PICTURING THE GREAT WAR: A WORLD ON THE CROSS

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In my book The Great and Holy War, I write at some length about the propaganda imagery of the war, and how thoroughly it drew on Christian imagery, especially Christ himself, and the Crucifixion. Posters and cartoons depicted whole nations as the victims of crucifixion. Usually they were depicted in the form of women, and [Read More...]

PICTURING THE GREAT WAR (3)

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One hundred years ago this week, Europe began the deadliest war in its history (to that date). I have been writing about how historians can find and use visual resources to understand attitudes at the time, and I have written about Germany and France. The other key player at the start of the war, of [Read More...]

PICTURING THE GREAT WAR (2)

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I was discussing the vast range of visual materials that historians can use to illustrate attitudes to the First World War. German propaganda especially suggested that easy victory lay within reach, which was fine unless and until they ran into obstacles and defeats, when all those cheery images began to look very sour. The French, [Read More...]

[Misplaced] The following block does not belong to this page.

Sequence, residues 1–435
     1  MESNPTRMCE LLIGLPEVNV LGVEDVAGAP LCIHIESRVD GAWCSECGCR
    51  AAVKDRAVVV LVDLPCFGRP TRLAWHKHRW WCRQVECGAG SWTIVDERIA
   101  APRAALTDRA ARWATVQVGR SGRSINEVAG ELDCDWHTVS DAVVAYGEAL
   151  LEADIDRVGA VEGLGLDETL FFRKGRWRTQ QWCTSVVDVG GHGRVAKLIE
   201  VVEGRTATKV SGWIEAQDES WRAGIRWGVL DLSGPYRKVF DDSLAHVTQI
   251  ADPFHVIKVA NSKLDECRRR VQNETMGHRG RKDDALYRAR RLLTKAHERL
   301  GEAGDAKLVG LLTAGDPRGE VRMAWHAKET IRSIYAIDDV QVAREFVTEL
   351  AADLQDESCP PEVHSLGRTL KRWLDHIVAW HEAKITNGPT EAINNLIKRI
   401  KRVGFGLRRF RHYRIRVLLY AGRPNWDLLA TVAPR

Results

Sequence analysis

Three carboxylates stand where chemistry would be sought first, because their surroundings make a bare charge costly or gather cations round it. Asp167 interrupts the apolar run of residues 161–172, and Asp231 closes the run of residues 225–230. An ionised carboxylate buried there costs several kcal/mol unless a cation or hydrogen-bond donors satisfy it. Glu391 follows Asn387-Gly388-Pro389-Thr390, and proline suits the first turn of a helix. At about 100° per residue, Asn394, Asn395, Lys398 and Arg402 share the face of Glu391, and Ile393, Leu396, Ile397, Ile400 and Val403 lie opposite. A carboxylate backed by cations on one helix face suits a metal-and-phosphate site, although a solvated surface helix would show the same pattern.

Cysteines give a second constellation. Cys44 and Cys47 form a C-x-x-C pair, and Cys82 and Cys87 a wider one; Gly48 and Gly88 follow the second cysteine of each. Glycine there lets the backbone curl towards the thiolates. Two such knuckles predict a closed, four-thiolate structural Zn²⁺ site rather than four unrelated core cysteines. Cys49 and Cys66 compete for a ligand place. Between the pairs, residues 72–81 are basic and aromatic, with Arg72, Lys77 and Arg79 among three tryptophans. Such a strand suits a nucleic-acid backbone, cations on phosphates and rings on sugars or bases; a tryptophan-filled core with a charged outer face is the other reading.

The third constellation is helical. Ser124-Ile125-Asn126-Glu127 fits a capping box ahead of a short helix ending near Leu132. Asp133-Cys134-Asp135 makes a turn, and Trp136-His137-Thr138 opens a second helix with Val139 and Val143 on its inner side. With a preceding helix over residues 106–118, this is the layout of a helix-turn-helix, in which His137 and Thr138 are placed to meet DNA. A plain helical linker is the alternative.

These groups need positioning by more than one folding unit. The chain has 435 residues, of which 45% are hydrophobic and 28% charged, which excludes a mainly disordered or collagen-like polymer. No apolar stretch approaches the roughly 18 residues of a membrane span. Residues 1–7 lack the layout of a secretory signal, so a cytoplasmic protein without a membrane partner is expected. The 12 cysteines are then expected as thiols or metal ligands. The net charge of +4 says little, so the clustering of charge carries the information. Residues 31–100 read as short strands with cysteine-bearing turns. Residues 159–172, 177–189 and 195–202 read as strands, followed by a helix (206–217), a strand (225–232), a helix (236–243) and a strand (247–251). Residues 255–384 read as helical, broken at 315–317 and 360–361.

PICTURING THE GREAT WAR (1)

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We are presently commemorating the centennial of the outbreak of the First World War in 1914. Plenty of different theories allocate blame for that event to various powers, usually to Germany, with Russia as a runner up. For present purposes, though, let us set aside blame and look at how the different powers presented the [Read More...]

Slavery, Historical Heroes, and “Precious Puritans”

A fascinating controversy has erupted between the worlds of modern rap music and the early American Puritans, because of a song, “Precious Puritans,” by Christian rapper Propaganda. For brevity’s sake, I won’t explore all the commentaries on the controversy, but to catch the flow of it, pastor and blogger Joe Thorn discusses the song here with [Read More...]


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